ESPN host Maria Taylor is winning the Victim Olympics.
No one in corporate media can match the 34-year-old's ability to be perpetually racially offended and to express that offense in the pages of the New York Times or on an ESPN platform.
In June 2020, Taylor launched her Jesse Owens-like run of feigning offense when she pretended that New Orleans Saints quarterback Drew Brees hosted a Klan rally by expressing support for the national anthem. During a finger-wagging and head-bobbing appearance on Stephen A. Smith's ESPN debate show, Taylor clubbed Brees with memories of Rev. George Floyd King Jr., the fentanyl activist-turned-race martyr.
It was a gold-medal performance.
She followed that effort with a July 2020 story in the New York Times, smearing fellow ESPN colleague Dave Lamont as racist. Lamont, who is white, was overheard on a conference call complaining to his wife that the conference call was a gripe session for black employees.
"It was such a slap in the face," Taylor told the New York Times. "When I was in it, that was horrible. But now, looking back, it was an awakening moment. This is part of our culture. There are people that feel this way."
According to media reports, ESPN nearly fired Lamont because he offended Taylor. Long before Taylor endured Lamont's vicious racism, Lamont and his wife helped raise a black young man. But that pales in comparison to pointing out that black employees at a sports network hijacked a conference call so they could share their emotional reaction to the death of Rev. George Floyd King Jr.
It was another gold-medal performance from Maria Taylor.
And now, on the Fourth of July, Taylor took Victim Olympics gold one more time. The New York Times published Taylor's latest horrifying brush with systemic racism. In a leaked, private, off-air conversation, Taylor's alleged ESPN broadcasting ally Rachel Nichols complained to a high-profile NBA source that Taylor had received an assignment Nichols wanted because ESPN executives were under diversity pressure.
"I wish Maria Taylor all the success in the world — she covers football, she covers basketball," Nichols said in an accidentally recorded video in July 2020. "If you need to give her more things to do because you are feeling pressure about your crappy longtime record on diversity — which, by the way, I know personally from the female side of it — like, go for it. Just find it somewhere else. You are not going to find it from me or taking my thing away."
Taylor was so traumatized by this bit of commonplace and private work gossip that, over the past year, she has refused to speak to or appear on camera with Nichols.
The Times obtained and published an email Taylor wrote to ESPN executives, including the network's chief officer Jimmy Pitaro.
"I will not call myself a victim, but I certainly have felt victimized and I do not feel as though my complaints have been taken seriously. In fact, the first time I have heard from (human resources) after 2 incidents of racial insensitivity was to ask if I leaked Rachel's tape to the media. I would never do that.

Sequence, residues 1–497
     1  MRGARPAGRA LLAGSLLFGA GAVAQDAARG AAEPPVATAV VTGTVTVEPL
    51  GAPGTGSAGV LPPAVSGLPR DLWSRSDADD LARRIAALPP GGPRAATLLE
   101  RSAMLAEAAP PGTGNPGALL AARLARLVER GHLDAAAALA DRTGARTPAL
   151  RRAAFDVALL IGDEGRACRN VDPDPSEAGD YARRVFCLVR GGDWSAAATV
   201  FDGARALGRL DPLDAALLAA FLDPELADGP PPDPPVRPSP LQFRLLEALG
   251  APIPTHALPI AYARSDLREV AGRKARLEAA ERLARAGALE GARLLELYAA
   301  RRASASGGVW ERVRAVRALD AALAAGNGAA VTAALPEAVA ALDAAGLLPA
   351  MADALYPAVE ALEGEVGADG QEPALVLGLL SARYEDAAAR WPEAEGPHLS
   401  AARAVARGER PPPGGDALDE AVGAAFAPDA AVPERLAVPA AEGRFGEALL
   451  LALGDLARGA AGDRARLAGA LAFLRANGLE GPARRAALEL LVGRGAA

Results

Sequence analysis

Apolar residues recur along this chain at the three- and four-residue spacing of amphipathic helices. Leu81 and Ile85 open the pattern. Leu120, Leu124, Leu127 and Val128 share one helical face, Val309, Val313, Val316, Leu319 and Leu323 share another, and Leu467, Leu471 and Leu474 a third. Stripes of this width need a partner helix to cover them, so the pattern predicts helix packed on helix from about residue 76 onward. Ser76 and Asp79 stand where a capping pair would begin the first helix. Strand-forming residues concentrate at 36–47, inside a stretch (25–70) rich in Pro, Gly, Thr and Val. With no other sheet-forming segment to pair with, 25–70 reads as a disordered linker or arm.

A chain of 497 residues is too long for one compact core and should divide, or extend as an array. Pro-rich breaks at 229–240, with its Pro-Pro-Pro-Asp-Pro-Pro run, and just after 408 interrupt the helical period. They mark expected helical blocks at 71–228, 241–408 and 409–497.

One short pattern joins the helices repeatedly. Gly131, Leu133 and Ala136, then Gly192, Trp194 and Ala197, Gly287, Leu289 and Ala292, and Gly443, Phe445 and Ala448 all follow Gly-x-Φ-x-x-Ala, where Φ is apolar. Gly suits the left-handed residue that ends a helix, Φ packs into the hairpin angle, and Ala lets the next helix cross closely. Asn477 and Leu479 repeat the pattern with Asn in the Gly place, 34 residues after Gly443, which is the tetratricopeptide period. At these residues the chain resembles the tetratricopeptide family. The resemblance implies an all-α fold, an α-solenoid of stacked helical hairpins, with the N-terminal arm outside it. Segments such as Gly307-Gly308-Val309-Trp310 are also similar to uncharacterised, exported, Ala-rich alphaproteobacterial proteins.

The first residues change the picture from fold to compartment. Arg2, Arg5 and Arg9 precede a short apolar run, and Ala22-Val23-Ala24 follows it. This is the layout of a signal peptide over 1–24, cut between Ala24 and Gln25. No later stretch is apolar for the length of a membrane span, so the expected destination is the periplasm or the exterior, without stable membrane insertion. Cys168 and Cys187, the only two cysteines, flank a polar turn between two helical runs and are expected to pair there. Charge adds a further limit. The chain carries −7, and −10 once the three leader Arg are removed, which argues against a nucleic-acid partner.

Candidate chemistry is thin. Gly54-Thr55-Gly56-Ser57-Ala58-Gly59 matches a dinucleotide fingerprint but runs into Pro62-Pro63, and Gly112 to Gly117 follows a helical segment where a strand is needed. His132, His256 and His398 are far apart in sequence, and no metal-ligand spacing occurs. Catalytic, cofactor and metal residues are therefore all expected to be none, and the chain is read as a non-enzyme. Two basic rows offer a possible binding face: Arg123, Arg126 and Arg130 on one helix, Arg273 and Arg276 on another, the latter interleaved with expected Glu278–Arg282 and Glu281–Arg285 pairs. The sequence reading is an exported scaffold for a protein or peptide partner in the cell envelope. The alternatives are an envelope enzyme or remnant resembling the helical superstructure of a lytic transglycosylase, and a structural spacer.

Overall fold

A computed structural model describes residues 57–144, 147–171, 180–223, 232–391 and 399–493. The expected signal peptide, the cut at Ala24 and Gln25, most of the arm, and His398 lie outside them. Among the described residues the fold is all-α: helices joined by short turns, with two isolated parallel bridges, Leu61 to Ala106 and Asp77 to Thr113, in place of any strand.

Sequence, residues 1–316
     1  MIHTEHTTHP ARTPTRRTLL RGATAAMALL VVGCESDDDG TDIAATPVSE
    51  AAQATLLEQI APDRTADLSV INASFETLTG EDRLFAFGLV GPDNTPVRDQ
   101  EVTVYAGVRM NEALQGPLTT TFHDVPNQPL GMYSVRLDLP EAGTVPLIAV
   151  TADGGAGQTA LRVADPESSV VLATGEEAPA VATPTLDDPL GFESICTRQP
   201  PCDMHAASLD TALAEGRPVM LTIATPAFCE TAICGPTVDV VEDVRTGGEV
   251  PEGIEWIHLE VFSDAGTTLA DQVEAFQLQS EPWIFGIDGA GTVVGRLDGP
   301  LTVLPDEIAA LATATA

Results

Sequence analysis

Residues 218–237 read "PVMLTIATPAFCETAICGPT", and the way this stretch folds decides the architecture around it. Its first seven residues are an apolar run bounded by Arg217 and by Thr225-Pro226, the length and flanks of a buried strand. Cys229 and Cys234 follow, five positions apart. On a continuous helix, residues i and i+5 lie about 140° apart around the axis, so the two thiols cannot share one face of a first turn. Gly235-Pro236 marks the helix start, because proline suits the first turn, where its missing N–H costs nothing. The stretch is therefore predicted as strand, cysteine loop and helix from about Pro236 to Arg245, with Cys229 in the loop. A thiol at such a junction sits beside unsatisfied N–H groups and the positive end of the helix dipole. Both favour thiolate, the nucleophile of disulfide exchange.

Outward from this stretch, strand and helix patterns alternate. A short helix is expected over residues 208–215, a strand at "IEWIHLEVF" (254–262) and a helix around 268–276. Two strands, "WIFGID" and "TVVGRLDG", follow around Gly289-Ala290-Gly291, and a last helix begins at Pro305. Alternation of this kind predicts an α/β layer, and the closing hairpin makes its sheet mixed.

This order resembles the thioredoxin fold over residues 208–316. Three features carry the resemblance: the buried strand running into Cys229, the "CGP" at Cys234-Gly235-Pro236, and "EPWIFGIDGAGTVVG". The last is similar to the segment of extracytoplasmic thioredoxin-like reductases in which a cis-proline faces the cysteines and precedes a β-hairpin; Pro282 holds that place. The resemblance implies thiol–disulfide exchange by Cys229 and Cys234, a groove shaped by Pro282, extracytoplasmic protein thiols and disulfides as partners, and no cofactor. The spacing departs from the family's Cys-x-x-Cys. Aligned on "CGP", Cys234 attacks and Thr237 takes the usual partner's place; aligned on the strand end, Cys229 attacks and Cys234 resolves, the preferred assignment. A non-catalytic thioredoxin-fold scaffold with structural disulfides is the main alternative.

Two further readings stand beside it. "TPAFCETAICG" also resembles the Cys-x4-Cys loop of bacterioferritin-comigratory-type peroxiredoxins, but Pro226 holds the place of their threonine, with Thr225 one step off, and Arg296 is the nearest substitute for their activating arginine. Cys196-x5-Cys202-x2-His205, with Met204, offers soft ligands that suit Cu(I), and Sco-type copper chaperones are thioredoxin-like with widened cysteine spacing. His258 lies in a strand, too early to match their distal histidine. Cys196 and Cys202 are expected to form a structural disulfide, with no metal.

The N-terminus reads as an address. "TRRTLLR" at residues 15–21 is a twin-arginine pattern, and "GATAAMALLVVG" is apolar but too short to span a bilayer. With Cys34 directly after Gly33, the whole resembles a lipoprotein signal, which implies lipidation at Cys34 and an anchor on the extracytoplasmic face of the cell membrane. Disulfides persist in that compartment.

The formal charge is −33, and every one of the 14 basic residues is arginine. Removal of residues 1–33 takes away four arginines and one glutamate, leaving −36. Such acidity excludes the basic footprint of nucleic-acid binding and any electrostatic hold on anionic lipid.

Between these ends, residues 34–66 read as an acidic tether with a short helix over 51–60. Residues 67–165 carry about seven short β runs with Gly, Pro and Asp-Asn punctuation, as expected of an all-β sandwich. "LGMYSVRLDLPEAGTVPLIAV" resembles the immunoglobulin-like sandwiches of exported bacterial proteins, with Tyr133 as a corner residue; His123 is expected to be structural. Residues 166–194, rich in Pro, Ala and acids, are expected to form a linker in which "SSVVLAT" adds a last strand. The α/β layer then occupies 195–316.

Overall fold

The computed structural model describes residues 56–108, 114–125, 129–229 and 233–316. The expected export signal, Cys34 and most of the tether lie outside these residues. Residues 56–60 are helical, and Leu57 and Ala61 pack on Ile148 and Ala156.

"Simply being a front facing black woman at this company has taken its toll physically and mentally."
Gold. Absolute gold.
Taylor stomped out Drew Brees in the 100-meter dash. She smoked Dave Lamont in the 200 meter. She long-jumped (the shark) Rachel Nichols. Taylor's last hurdle is securing an $8 million contract similar to Stephen A. Smith's.
This is a Victim Olympics run that would make Al Sharpton blush in envy.
Taylor is in the final three weeks of an ESPN contract that pays her around $1 million. According to New York Post media columnist Andrew Marchand, Taylor is demanding a $7 million raise.
If she doesn't get the raise, I have a suggestion for her. She's the next Robin DiAngelo, the author of the book "White Fragility." Taylor can write "Black Fragility: Why It's So Hard For Black People To Talk About Racism."
The book could delve into the hypocrisy of the Victim Olympics. Maria Taylor and all of her enablers have grown accustomed to attributing any success white people have to white privilege. Black and white people are applauded daily via social media for asserting this.
In a conversation not meant to be made public, Rachel Nichols politely suggested that part of Taylor's success was attributable to Taylor's dark skin. In private, Nichols did what Taylor and friends have been doing publicly virtually every day.
The New York Times framed Nichols' comments as a workplace hate crime, headlining its tabloid-style gossip piece "A disparaging video prompts explosive fallout within ESPN."
If Nichols' insinuation is disparaging, no wonder America is in racial chaos. Corporate media and social media traffic in disparaging, anti-white race-bait videos that prompt an explosive fallout. No one should be surprised that Nichols and others are starting to push back privately and publicly.
There's no room for fragility in a race war. Taylor should turn in her victimhood gold medals and woman up for the racial fight her actions promote.